Under Michigan law, it is a crime to threaten to harm or to actually harm an intimate partner. Michigan domestic violence laws were enacted to benefit victims of these sorts of crimes. However, in too many cases innocent individuals are falsely accused of having committed domestic violence. Just being charged with such conduct can lead to serious consequences. What are you to do if you are charged? Call George Law at (248) 470-4300.
What Happens if Michigan Domestic Violence Victims Refuse to Testify?
If a domestic violence victim refuses to testify, it’s unclear what will result. This may increase or decrease the strength of the prosecution against the defendant. But generally speaking, a victim’s testimony is often the most significant evidence against a defendant. If there is other evidence or proof that the crime was committed, the case may continue without the victim’s testimony. But if the case relies heavily on the victim’s testimony, the prosecutor may drop the charges. The victim does not have to press charges or help the case in any way.
What Are Some Strategies to Defend Against Domestic Violence Charges?
If you have been charged with domestic violence, the experienced lawyers at George Law can take you through the plethora of potential defenses that can be used. When charges are brought against you, George Law will evaluate the police report of the incident, review the facts, and work with you to create a defense that shows YOUR side of the case.
Possible strategies for defense include:
- You didn’t commit the crime – This is often the best defense. If you can show that the victim was abused by someone else, you are unlikely to be convicted. We will work with you to establish where you were and confirm your alibi for the time of the incident. We will also search for contrary evidence to oppose what the prosecution may say at trial.
- The other person is lying – Partners all too often lie about the abuse. If this occurs in your case, we will work hard to discover the truth. We will see if the victim’s injuries support you and whether the story is inconsistent with the crime report.
- It was an accident – If the entire incident was an accident, we work with you to discover evidence of that. This is denying that you intentionally caused the injury, but not that you were not present.
- It was done in self-defense – You may have been trying to defend yourself or your children. We will check the police report for victim statements about violence, determine why force was used, compare stories, and check whether injuries indicate self-defense.
- The case against you cannot be proven beyond a reasonable doubt – This is often true if the victim chooses not to testify or there simply is no proof of the allegations against you. We will carefully examine the prosecutor’s case, review all alleged facts with you, check injuries you may have, confirm information in the officer’s reports, and look for other evidence that may indicate you did not commit the crime.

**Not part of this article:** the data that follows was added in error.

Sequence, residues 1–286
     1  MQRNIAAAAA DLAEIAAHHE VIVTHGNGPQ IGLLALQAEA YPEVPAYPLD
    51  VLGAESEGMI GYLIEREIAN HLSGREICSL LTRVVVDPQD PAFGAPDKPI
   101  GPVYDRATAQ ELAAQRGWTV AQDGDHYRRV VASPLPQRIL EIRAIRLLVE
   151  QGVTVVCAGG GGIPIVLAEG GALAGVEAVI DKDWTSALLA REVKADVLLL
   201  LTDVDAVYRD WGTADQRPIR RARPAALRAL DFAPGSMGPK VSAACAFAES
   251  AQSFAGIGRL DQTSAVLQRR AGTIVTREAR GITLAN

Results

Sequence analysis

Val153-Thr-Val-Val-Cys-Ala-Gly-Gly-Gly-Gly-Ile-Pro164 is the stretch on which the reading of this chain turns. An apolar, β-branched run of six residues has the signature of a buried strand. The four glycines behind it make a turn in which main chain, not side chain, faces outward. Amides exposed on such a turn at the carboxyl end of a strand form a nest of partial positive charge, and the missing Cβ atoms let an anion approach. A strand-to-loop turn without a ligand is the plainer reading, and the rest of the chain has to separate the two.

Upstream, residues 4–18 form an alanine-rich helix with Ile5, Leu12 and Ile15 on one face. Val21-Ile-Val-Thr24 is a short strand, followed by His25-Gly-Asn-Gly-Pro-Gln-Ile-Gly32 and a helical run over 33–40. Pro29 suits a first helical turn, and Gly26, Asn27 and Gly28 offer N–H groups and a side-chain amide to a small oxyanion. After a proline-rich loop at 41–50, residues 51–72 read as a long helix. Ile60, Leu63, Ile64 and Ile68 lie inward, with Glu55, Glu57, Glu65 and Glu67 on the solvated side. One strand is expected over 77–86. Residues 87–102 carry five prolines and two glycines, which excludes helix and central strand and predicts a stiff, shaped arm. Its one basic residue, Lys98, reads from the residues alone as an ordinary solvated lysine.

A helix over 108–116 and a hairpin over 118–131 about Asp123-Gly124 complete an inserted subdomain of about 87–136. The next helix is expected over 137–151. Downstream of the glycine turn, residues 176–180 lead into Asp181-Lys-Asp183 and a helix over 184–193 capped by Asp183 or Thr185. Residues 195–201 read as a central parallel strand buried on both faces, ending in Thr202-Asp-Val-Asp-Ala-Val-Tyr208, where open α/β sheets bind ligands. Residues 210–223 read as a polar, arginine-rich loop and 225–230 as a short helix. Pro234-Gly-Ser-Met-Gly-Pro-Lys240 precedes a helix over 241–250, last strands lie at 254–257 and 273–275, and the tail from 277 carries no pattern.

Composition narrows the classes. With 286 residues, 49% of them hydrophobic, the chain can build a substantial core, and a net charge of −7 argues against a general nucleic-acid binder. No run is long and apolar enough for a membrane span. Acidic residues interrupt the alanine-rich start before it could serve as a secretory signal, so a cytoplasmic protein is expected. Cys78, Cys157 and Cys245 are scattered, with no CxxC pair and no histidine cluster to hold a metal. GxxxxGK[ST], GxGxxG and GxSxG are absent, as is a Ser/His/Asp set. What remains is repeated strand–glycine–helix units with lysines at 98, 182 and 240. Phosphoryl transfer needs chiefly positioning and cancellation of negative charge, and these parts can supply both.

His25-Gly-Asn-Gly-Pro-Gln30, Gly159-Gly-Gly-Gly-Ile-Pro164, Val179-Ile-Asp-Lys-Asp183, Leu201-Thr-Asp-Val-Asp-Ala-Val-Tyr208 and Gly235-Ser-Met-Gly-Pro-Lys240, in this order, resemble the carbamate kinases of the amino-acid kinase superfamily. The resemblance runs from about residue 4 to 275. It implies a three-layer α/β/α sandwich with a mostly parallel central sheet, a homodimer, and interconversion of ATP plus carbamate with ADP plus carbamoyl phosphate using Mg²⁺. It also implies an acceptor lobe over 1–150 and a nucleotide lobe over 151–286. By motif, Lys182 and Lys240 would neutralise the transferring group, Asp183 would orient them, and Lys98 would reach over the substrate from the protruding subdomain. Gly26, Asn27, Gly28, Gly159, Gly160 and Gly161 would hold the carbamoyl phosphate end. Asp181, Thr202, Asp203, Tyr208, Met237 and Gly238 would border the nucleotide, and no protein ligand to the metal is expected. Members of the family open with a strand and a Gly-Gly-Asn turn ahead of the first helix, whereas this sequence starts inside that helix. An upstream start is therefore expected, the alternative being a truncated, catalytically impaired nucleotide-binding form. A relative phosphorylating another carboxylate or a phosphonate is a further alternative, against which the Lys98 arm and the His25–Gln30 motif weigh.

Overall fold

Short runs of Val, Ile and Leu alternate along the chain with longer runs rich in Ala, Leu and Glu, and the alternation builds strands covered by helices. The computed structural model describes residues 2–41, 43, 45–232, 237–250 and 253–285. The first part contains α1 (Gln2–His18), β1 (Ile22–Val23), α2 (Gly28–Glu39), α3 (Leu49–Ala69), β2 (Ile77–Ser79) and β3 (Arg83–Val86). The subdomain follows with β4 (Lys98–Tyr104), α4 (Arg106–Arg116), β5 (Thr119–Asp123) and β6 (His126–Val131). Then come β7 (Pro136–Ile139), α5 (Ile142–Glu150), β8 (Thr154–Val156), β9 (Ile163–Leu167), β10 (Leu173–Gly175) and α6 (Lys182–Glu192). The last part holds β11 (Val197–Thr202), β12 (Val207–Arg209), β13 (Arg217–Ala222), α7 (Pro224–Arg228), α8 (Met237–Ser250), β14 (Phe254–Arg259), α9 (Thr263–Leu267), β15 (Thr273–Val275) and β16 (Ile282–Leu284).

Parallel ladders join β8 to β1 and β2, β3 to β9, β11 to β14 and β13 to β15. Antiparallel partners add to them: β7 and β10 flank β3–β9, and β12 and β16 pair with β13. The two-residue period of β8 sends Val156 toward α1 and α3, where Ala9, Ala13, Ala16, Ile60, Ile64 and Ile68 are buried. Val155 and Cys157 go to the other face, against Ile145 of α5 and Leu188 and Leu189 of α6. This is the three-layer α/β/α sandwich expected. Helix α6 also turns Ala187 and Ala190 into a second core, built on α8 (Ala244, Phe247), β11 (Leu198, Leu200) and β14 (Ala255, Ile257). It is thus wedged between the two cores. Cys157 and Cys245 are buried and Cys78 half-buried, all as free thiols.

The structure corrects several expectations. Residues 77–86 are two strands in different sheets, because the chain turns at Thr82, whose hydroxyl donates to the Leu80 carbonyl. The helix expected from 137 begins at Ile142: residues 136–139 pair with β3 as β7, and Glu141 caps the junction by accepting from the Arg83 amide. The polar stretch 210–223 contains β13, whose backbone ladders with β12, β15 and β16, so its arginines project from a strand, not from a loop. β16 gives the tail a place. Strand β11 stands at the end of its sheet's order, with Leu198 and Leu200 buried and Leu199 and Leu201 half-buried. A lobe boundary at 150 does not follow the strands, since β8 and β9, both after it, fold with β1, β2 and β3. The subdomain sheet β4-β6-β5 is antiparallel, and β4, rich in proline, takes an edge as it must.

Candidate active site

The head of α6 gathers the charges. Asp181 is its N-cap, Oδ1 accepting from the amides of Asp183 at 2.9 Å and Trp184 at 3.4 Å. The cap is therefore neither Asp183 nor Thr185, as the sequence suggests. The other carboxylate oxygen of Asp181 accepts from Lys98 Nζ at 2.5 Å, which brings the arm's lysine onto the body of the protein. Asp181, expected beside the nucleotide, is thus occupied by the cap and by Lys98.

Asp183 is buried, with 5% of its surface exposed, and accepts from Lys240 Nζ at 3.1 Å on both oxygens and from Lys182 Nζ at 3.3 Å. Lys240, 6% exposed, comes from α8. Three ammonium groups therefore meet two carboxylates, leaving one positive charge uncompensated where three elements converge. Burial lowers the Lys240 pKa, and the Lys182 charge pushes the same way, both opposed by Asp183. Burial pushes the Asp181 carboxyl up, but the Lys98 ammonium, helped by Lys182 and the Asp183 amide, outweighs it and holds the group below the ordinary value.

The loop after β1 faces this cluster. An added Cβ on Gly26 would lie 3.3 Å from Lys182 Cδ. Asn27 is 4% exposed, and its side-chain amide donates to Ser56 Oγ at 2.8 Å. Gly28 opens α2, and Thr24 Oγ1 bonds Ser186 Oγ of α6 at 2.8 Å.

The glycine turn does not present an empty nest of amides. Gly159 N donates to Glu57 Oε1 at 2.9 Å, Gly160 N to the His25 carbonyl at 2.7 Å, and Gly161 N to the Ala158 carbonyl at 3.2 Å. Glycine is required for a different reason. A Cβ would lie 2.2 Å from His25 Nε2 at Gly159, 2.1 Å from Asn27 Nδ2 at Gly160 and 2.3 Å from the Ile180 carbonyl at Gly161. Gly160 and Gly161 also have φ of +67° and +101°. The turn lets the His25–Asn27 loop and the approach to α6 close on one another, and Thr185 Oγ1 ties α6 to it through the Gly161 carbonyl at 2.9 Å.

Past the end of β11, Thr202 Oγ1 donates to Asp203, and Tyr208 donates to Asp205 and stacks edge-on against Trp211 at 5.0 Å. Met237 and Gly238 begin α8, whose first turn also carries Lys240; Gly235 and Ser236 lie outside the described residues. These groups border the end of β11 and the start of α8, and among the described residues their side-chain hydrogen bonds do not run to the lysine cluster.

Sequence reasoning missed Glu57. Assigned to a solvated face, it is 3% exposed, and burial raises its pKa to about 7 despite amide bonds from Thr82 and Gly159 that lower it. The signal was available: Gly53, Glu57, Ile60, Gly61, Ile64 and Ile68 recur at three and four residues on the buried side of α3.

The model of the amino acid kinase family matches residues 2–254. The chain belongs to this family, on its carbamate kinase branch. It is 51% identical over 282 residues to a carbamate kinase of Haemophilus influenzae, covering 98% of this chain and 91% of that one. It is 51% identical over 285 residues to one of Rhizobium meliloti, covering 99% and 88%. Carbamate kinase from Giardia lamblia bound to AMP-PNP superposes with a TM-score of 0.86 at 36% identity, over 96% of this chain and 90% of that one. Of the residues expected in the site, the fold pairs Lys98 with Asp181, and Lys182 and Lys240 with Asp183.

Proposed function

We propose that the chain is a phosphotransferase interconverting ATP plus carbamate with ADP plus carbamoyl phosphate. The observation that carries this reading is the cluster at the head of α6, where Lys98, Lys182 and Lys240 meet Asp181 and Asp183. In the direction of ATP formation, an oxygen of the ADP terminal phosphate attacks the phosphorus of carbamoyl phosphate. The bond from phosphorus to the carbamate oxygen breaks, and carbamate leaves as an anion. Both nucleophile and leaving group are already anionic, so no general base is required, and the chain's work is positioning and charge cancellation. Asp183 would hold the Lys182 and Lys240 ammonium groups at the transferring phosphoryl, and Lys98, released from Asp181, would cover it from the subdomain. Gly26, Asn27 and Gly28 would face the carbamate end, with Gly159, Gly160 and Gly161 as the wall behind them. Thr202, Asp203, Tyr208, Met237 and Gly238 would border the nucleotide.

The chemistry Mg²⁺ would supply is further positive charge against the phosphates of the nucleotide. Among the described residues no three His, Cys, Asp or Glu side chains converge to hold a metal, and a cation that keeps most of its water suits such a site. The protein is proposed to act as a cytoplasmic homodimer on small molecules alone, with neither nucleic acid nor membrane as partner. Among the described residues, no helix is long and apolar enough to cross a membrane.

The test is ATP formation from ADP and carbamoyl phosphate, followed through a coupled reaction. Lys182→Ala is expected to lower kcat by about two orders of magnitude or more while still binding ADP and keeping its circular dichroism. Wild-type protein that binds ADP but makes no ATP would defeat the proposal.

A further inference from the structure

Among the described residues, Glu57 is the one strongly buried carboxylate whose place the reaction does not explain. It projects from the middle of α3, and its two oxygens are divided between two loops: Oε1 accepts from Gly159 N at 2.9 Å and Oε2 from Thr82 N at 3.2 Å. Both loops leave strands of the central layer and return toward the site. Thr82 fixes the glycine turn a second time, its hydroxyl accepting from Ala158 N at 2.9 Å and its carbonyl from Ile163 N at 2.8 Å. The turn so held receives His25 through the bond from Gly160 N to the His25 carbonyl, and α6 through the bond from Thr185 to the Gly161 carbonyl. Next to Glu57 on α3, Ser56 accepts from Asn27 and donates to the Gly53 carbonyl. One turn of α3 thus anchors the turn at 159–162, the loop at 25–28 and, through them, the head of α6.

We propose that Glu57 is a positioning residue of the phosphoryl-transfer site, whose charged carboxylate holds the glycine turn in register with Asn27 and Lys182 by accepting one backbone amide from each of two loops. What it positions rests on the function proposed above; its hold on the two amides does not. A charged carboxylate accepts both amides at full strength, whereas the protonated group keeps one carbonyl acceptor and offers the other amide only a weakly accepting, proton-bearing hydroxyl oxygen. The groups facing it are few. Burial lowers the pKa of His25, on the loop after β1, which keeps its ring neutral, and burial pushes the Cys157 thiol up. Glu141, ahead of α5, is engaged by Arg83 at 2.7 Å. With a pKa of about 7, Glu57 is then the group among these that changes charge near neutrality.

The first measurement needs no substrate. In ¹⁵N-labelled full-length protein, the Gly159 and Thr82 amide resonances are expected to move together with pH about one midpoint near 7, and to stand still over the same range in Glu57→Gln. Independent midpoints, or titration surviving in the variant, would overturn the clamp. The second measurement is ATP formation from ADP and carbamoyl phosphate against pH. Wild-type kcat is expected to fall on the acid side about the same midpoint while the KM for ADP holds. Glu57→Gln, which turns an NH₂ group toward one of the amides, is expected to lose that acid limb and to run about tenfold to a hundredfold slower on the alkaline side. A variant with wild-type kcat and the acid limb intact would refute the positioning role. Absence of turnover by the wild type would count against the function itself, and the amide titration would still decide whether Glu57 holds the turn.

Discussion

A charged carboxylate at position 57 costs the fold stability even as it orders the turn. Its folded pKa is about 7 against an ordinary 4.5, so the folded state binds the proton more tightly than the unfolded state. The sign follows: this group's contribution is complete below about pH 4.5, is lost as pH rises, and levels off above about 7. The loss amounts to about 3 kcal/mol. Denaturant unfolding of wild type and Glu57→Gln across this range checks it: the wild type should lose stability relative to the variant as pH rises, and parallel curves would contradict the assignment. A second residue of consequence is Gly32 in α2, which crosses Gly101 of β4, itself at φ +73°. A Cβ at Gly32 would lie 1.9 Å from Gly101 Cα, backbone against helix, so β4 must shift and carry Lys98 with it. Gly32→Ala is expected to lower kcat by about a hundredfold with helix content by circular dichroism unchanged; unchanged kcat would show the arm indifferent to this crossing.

What are Common Michigan Domestic Violence Crimes?
Michigan recognizes many forms of domestic violence. However, some arise more often than others. Typically, they involve allegations of some form of abuse, neglect, battery, and threats. Some of these are misdemeanors, but most are considered felonies. It depends on the defendant’s criminal record, the circumstances surrounding the event, and the seriousness of the injuries.
- Domestic Battery – This is related to inflicting force or violence on an intimate partner and does not require a visible injury.
- Child Abuse – Child Abuse is inflicting injury or corporal punishment on a child except in the case of a reasonable spanking.
- Criminal Threats – This crime relates to threatening someone with serious harm.
- Child Neglect – This crime is when a parent willfully fails to provide necessities for a child such as shelter, food, or medical care.
- Stalking – The Michigan law for stalking prohibits threatening or harassing another person to the point where they have a fear for their safety or the safety of their family. A new wrinkle is whether stalking can be accomplished from a distance through electronic means by using email, text messages, etc.
What Are the Consequences of a Michigan Domestic Violence Conviction?
While a fine and/or jail time may be required for many of the crimes, but these can be the smallest problem for you. Prosecutors like to add other consequences onto a conviction to make the punishment even more severe. These include:
- Immigration consequences for non-citizens
- Loss of gun rights
- Loss of custody rights
- Mandatory minimum jail time
- Mandatory participation in a batterer’s intervention program
- Payment of victim restitution and/or fines
- A permanent criminal record
- A restraining order
The Importance of an Experienced Lawyer
It is critical to have an experienced attorney to help you develop a legal-defense strategy when you are faced with domestic-violence charges. George Law can help you. Call it 24-hours a day at (248) 470-4300 or reach out by email.